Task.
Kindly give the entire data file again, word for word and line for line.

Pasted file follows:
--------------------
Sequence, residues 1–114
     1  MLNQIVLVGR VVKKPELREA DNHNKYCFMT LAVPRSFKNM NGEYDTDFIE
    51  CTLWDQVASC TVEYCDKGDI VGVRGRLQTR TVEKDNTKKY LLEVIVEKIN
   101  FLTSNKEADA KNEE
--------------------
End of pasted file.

Sequence, residues 1–114
     1  MLNQIVLVGR VVKKPELREA DNHNKYCFMT LAVPRSFKNM NGEYDTDFIE
    51  CTLWDQVASC TVEYCDKGDI VGVRGRLQTR TVEKDNTKKY LLEVIVEKIN
   101  FLTSNKEADA KNEE